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2014 Nissan Rogue Crossover SUV Road Test And Review

Benjamin Hunting
by Benjamin Hunting
February 23, 2014
7 min. Reading Time

'Tis the season for all-new compact crossovers, what with the Ford Escape, the Subaru Forester, and now the 2014 Nissan Rogue all debuting fresh visages and dramatically altered platforms within the last few years.  The Rogue may be the latest small people mover to go under the knife, but it's not a complete transformation: rather, the folks at Nissan have elected to mix the old with the new.  This means that while the Rogue might sport a fresh platform and much more attractive sheet metal, under the hood we find the same power plant that motivated last year's model.

This isn't an unfamiliar strategy for automakers looking to inject some excitement into a new product without breaking the bank from a development costs perspective.  Does it work for the 2014 Nissan Rogue?  Has the vehicle's growth in other important areas eclipsed the decision to stand fast in the engine bay?  I parked a Rogue in my driveway for a week's worth of testing to try and answer those very questions.

2014 Nissan Rogue Review: Models and Prices

The 2014 Nissan Rogue starts at a very friendly MSRP of $22,490. For this price, you get the S trim, which provides LED running lights and turn signals, air conditioning, a color infotainment screen, 17-inch steelies, a rearview camera, Bluetooth connectivity, and an adjustable driver's seat.  Step up to the Rogue SV (MSRP $24,230) and the crossover swaps its steel wheels for alloy rims, installs dual automatic climate control, enhances smart phone connectivity, adds a louder stereo system, and introduces automatic headlights, keyless entry and ignition, power adjustments for the driver's seat, and tinted windows.  The range-topping Rogue SL (MSRP $28,070) rides on 18-inch rims and adds a top-down camera system, a navigation system, a Bose stereo system, voice commands, heated leather seats, and fog lights.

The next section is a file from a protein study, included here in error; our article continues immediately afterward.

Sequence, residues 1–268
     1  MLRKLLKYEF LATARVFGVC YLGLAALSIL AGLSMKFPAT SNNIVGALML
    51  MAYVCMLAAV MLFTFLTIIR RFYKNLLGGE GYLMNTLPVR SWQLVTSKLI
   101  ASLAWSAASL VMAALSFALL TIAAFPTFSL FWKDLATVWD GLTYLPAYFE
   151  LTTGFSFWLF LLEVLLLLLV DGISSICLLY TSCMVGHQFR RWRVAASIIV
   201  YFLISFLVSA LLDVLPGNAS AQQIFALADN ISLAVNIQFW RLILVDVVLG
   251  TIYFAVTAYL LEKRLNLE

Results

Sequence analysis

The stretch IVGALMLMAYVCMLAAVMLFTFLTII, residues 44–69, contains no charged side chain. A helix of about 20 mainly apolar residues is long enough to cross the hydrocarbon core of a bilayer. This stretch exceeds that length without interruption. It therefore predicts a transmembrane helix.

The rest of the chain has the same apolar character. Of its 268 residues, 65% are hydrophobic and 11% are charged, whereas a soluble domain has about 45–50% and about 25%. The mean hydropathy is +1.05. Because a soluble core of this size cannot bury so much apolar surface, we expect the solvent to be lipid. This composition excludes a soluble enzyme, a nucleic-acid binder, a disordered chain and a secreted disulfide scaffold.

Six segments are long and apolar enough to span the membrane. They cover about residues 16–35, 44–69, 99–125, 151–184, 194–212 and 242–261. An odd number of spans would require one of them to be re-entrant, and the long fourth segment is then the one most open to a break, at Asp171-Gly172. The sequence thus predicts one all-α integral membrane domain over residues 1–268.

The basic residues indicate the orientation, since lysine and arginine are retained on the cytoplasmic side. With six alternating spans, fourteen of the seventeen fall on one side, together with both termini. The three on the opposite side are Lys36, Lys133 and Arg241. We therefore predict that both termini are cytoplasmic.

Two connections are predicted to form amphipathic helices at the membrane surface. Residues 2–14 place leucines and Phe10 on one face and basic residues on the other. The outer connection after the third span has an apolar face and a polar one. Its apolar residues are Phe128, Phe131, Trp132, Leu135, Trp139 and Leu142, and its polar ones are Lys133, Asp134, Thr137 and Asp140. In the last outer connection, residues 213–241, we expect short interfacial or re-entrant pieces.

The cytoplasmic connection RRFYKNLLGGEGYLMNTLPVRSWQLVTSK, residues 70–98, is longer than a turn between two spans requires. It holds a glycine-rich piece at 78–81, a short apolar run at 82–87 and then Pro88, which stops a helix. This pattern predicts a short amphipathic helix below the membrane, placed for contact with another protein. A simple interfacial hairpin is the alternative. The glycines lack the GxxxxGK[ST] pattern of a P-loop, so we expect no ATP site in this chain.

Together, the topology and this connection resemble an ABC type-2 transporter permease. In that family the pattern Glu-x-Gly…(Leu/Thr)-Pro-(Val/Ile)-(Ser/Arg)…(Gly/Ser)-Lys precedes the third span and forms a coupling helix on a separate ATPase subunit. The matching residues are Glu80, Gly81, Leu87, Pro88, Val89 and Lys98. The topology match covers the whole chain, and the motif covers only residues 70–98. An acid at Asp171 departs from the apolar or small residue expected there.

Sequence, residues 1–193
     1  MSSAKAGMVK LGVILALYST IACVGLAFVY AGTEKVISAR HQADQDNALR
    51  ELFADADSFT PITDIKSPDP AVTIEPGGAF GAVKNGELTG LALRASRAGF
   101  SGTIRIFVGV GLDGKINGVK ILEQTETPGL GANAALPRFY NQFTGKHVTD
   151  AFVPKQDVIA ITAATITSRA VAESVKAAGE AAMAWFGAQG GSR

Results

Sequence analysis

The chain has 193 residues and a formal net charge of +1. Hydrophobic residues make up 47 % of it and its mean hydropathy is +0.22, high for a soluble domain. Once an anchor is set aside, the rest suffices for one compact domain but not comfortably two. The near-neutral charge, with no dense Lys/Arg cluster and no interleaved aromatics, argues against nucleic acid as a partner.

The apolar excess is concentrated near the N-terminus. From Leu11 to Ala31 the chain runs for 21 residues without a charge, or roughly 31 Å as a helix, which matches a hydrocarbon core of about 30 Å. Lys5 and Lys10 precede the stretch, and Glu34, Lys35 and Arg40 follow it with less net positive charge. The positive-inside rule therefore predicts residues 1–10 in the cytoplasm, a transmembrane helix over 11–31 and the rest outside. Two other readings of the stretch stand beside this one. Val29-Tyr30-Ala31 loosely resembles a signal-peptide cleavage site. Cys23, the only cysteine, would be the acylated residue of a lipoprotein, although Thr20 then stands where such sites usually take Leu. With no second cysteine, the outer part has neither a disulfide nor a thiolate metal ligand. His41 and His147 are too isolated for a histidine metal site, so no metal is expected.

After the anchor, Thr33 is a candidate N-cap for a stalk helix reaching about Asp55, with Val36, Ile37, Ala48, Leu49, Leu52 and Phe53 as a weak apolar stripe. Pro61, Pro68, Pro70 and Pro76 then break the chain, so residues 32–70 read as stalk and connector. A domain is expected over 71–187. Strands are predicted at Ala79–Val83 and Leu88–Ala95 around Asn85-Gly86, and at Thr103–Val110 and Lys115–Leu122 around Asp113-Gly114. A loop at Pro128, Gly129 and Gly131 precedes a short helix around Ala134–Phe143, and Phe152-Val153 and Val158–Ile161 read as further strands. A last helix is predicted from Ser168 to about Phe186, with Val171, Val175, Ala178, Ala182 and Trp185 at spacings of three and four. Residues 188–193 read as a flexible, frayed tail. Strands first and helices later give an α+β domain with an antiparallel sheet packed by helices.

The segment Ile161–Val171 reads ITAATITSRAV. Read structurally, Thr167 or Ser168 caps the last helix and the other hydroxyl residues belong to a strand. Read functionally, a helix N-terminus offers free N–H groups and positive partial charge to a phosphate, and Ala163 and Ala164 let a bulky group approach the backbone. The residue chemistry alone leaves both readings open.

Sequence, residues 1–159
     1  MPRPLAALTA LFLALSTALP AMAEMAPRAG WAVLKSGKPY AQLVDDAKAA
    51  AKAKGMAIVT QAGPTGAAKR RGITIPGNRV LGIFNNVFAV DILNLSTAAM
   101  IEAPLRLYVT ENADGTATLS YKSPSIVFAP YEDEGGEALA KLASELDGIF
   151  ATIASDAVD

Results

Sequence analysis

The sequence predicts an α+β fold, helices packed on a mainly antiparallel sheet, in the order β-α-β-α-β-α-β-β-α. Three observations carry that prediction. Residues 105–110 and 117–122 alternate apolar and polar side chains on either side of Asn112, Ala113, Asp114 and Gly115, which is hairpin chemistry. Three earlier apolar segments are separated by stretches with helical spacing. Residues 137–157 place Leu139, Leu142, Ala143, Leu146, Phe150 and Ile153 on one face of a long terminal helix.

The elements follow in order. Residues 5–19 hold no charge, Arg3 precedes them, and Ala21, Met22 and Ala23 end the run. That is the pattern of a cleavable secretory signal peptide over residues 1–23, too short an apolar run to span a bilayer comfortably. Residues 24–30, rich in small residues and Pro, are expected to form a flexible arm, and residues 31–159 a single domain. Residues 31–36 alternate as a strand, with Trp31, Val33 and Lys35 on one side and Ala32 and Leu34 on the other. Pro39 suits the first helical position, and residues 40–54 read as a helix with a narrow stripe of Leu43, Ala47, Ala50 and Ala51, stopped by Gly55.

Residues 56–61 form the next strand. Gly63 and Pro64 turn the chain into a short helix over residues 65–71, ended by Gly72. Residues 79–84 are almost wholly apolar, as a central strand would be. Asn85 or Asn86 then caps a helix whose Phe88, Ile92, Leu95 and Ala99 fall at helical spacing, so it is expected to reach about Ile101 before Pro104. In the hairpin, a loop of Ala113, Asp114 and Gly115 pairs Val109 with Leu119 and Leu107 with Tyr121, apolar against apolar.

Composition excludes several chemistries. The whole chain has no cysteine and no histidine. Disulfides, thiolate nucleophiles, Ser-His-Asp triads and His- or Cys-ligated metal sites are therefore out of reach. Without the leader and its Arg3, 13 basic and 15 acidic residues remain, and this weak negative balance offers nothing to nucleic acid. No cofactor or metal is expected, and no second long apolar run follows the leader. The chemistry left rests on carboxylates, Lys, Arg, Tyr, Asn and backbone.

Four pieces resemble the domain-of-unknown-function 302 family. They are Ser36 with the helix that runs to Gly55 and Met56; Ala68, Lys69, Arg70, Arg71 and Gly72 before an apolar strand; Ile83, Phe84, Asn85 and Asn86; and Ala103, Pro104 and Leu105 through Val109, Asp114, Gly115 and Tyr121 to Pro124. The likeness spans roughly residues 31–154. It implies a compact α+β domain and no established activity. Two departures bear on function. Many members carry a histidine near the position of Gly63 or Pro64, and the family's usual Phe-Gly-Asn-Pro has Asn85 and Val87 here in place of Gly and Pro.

My test vehicle was a 2014 Nissan Rogue SV that also featured the SV Family package (third row of seating) and the SV Premium package (navigation system, top-down camera, heated mirrors, power liftgate, numerous active safety features).  Throw in all wheel drive, and the window sticker on the Rogue that I drove came to $27,940.

Unusually, Nissan is also offering the previous-generation Rogue alongside the new model for $19,990.  Dubbed the 'Rogue Select,' it doesn't gain any of the improvements offered by the redesign, but it does present a bargain-oriented crossover option for those looking to save a few thousand bucks.


2014 Nissan Rogue Review: Design

  • The 2014 Nissan Rogue has been completely restyled.
  • The Rogue is shorter overall than last year's model, but still wider and taller.

The 2014 Nissan Rogue could be best described as a baby Pathfinder, which is strong praise considering the attractive lines sported by the larger crossover.  The Nissan Rogue's makeover includes the brand's new familial design language up front and at the rear, and it’s a marked improvement over the blander feel of the previous-generation Rogue.  This is a crossover that no longer shrinks from comparisons to the Toyota RAV4 or Hyundai Santa Fe, and it's much more SUV-like than the streamlined Escape.  Taller and wider than before, the Rogue benefits from additional road presence, especially when its optional 18-inch rims are filling up its fender wells.

The 2014 Nissan Rogue's passenger compartment is large, which makes sense given that there's more interior space to play with thanks to the all-new platform.  There's not a lot to latch on to visually, however, with plastics and 'metal' trim dominating the interior.  It's a family ride stuffed with materials that look like they'll wear well, but the Rogue's affordable price is reflected in the lack of creativity to be found throughout its cabin.


2014 Nissan Rogue Review: Comfort and Cargo